Student Burnout and The Necessity of Days Off


Student Burnout and The Necessity of Days Off

Andrew Kline Staff Writer

As we move beyond the midpoint of the semester and start thinking about the spring, it has become very clear that a semester with only one day off is stressful, both physically and mentally. On top of the already stressful world we are living in with the coronavirus pandemic, we are also approaching a presidential election.

For the fall semester, the University planned to only give one day off for all students, which happened to be Labor Day, so that we could successfully and safely complete an in-person semester, which many other students across the nation were not afforded. In theory, this idea is great and has mostly worked, as proven by our relatively low number of cases in the university’s population. The downside, however, is that we do not have the ability to take a break and remove ourselves from the stressful environment.

Recently, a University student started a petition aimed toward administrators and faculty members for mental health days. The idea is generally simple, and some other schools have implemented this idea, in which professors are canceling classes or even just assignments to provide students, and even faculty members themselves, with some much needed time to decompress and destress. The petition for Villanova to implement the same idea took off almost immediately and is at nearly one thousand signatures.

The petition is specifically related to mental health days taking place at least monthly for all students, in order to give us a much needed break from everything going on. Reasons cited include the COVID-19 pandemic, Zoom fatigue, the lower level of engagement in socially distanced and masked up classrooms, the cancelation of-fall break and coming off of a stressful set of weeks from the midterm. Each of these reasons is fully valid and most seem to be presently unaddressed.

With students paying the same for tuition this year as any other, our education should not be affected. The University’s mentality seems to be that our payments should be supporting activities and entertainment to keep us on campus and to prevent further spread of the coronavirus, but ultimately our education seems to be lacking because the focus is being placed elsewhere.

The moral of this story is that our education is lacking because of the weird environment we are in. This environment is causing stress and, combined with an abbreviated semester this forms an even worse situation. We likely all know someone going through a completely online semester and quite frankly, they are likely a lot less stressed than we all are here on campus. We are ultimately lucky to be here and that the spring semester is being planned in a similar fashion, but our opinions need to be heard, and responses need to be made in accordance to our arguments.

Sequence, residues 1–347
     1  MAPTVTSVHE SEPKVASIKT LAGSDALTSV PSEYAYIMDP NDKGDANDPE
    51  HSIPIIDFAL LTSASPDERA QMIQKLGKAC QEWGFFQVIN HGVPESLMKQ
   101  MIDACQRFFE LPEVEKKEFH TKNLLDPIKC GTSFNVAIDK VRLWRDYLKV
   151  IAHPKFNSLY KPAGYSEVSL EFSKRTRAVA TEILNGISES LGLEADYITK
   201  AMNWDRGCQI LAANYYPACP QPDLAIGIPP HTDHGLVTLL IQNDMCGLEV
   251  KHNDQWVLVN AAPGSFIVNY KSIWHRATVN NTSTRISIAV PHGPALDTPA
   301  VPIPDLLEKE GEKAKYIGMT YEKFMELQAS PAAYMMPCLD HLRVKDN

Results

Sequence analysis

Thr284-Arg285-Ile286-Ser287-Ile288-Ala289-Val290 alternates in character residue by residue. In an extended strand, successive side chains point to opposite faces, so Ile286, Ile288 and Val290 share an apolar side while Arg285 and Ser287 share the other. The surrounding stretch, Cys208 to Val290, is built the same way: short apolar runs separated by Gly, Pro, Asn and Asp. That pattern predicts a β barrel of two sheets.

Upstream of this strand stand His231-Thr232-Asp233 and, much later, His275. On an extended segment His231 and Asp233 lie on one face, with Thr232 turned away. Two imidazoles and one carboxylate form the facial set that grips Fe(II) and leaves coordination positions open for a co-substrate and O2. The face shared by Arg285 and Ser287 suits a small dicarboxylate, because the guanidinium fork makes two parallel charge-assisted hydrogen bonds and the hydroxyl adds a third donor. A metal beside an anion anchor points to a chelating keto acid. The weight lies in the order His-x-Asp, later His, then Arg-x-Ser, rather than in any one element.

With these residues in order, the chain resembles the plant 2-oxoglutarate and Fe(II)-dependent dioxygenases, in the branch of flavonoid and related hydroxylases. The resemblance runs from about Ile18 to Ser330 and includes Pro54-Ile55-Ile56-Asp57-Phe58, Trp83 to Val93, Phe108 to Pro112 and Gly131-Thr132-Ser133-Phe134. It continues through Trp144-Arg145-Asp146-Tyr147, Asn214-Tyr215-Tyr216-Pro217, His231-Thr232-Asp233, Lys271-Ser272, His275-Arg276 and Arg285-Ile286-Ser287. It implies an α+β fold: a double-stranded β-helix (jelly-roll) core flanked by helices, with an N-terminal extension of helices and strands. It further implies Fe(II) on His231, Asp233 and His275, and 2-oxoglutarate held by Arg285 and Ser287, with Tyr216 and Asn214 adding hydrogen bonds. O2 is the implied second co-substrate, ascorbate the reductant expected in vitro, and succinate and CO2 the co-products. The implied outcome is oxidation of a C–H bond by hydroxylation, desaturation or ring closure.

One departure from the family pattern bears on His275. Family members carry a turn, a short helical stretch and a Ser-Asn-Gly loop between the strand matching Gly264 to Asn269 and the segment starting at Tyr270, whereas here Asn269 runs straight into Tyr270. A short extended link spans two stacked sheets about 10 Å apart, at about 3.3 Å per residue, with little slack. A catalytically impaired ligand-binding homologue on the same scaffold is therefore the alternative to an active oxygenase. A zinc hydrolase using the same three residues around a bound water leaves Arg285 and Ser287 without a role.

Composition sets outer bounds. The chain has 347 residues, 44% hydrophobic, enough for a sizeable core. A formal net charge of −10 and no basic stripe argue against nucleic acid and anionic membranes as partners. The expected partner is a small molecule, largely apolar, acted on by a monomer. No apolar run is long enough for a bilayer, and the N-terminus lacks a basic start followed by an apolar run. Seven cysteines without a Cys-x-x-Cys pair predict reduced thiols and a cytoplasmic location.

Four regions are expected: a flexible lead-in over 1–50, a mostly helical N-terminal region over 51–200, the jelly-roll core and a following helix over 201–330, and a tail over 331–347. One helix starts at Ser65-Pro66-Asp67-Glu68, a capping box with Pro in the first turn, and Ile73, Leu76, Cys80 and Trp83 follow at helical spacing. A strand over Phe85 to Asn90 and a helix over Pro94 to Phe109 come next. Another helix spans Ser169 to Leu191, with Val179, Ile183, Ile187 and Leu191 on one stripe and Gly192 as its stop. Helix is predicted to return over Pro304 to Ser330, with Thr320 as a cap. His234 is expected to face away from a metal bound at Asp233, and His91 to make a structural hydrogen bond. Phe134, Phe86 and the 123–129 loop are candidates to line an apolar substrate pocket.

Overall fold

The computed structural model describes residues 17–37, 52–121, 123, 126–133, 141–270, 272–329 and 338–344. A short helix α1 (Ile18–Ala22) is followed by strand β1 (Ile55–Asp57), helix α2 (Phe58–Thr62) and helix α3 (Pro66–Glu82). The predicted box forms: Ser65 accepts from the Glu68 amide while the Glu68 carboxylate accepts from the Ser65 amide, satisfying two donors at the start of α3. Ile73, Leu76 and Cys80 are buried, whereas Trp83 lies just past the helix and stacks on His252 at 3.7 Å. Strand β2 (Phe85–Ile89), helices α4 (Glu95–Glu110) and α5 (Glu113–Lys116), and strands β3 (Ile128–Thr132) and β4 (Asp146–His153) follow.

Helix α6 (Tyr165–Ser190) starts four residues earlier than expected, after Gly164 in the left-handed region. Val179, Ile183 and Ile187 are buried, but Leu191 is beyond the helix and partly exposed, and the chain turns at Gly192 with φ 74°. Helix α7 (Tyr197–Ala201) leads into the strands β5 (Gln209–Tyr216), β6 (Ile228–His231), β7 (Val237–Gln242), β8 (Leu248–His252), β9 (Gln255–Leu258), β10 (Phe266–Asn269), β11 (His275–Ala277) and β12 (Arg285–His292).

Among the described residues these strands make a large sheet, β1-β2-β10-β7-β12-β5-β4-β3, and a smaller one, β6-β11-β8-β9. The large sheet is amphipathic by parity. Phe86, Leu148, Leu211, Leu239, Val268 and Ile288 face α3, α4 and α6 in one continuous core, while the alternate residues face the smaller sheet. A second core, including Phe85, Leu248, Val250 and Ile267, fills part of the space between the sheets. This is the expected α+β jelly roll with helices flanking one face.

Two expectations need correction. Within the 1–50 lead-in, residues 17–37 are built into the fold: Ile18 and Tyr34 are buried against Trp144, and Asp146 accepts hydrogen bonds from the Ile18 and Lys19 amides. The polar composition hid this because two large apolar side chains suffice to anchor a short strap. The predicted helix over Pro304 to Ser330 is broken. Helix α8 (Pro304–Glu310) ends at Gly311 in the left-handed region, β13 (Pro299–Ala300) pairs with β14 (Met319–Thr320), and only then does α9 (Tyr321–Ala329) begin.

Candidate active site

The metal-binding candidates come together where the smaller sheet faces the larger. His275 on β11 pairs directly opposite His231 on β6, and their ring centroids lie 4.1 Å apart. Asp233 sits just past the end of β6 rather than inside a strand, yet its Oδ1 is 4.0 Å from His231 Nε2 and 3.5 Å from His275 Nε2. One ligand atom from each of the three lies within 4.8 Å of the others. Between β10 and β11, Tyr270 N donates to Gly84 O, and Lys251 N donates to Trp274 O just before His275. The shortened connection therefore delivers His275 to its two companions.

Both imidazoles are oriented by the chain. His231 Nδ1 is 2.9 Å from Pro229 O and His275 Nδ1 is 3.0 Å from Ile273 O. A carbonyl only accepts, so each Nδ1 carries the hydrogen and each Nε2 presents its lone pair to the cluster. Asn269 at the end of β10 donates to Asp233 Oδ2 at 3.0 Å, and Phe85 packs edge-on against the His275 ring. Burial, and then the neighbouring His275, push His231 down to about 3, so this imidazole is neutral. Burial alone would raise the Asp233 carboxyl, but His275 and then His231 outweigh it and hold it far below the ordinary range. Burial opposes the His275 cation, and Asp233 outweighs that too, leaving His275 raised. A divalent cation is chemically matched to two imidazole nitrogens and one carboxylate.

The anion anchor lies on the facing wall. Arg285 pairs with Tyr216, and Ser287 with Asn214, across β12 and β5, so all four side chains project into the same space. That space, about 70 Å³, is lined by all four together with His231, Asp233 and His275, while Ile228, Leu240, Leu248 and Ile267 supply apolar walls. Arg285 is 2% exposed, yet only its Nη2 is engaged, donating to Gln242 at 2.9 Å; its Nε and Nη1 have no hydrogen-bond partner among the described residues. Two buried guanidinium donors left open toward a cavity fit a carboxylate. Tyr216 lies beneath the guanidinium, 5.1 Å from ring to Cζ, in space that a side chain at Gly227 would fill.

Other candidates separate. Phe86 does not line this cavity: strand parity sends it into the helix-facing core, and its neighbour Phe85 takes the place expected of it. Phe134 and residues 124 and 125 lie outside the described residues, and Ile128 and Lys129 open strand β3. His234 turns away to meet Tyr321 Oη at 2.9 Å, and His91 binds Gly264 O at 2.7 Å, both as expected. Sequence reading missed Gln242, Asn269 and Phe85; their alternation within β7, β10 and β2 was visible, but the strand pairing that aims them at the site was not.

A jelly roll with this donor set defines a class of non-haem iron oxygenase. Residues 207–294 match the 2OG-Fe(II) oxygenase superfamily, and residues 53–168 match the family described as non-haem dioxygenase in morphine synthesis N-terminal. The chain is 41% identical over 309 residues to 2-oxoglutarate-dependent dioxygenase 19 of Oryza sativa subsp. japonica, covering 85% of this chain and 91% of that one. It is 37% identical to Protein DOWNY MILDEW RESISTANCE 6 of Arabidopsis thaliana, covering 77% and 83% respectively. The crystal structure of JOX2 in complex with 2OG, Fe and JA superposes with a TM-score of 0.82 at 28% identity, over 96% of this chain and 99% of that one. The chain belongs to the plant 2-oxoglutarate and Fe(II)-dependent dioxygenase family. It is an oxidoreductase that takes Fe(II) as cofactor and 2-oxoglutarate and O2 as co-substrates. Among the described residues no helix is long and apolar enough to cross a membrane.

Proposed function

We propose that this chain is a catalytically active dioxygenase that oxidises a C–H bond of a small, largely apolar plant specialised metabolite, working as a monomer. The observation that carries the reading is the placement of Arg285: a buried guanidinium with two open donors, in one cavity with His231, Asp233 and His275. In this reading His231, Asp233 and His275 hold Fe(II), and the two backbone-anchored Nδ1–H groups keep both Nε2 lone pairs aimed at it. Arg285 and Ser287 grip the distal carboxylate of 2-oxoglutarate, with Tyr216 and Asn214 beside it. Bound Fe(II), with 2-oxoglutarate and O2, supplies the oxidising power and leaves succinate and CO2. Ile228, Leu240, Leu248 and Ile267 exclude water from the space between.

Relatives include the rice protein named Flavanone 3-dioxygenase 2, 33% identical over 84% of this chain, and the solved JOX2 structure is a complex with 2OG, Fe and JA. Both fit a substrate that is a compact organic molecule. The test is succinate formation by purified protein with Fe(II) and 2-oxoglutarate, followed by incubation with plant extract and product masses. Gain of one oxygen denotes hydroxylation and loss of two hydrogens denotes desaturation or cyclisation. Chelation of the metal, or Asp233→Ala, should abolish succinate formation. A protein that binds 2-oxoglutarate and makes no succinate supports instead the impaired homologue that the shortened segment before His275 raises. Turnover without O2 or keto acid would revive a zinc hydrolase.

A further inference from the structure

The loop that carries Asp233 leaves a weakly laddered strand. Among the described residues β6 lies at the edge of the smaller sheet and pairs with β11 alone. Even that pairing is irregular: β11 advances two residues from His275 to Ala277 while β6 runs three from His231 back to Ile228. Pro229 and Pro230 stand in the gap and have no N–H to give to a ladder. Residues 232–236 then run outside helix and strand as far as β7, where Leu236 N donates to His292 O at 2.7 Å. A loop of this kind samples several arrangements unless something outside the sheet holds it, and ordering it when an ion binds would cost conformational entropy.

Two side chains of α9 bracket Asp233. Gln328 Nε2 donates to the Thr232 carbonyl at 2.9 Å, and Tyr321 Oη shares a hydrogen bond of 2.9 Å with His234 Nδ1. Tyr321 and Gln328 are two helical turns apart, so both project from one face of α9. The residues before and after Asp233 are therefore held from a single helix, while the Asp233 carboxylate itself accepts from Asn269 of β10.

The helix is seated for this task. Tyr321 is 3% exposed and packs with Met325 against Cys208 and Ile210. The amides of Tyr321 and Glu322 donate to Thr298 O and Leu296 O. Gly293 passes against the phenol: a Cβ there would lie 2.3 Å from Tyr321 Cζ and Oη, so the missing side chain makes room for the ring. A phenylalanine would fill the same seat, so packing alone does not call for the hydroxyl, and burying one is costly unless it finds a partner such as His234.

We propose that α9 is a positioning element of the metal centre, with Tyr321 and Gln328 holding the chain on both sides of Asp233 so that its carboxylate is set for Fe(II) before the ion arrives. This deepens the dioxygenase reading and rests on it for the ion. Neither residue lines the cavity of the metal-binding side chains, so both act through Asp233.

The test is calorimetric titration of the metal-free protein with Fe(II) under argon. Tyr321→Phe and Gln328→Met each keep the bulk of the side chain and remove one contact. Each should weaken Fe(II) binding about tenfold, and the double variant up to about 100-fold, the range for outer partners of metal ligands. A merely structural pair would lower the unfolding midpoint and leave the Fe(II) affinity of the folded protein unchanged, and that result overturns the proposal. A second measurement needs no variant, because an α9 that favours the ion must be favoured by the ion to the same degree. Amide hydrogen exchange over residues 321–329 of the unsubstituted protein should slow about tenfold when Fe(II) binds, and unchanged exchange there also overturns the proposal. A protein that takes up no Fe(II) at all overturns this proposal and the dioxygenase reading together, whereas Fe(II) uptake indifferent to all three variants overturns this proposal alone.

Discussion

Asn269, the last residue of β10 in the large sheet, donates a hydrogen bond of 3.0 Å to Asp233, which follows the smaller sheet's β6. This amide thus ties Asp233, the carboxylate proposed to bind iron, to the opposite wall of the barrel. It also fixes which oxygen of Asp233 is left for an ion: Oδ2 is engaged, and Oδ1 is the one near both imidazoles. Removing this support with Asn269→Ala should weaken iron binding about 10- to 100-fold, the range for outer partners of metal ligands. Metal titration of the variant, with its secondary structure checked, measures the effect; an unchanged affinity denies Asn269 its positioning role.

In terms of the spring semester, for those of you unaware, the calendar looks very similar to that of this fall. Our Easter “break” is from the end of our classes on Thursday until the start of our classes on Monday, meaning we are essentially just receiving Good Friday off from classes. Currently, there don’t appear to be any other days off throughout the semester, and our last day of classes, a Monday, will follow the schedule of a Friday in order to replicate the day we will miss on Good Friday. This possible calendar was announced by University President Rev. Peter M. Donohue, Ph.D., O.S.A in his video message on the Friday of midterms week, which was very untimely, as students had just endured a very stressful week to simply be told to prepare for the same this spring.

Ultimately, the solution is simple. Both students and faculty members need time off. We don’t function the same or anywhere near as well when faced with nearly fourteen straight weeks of classes every weekday. Mental health days and holidays off are a perfect solution to allow students and faculty to recouperate so that we can return soon after with a positive attitude and a reinvested desire to learn.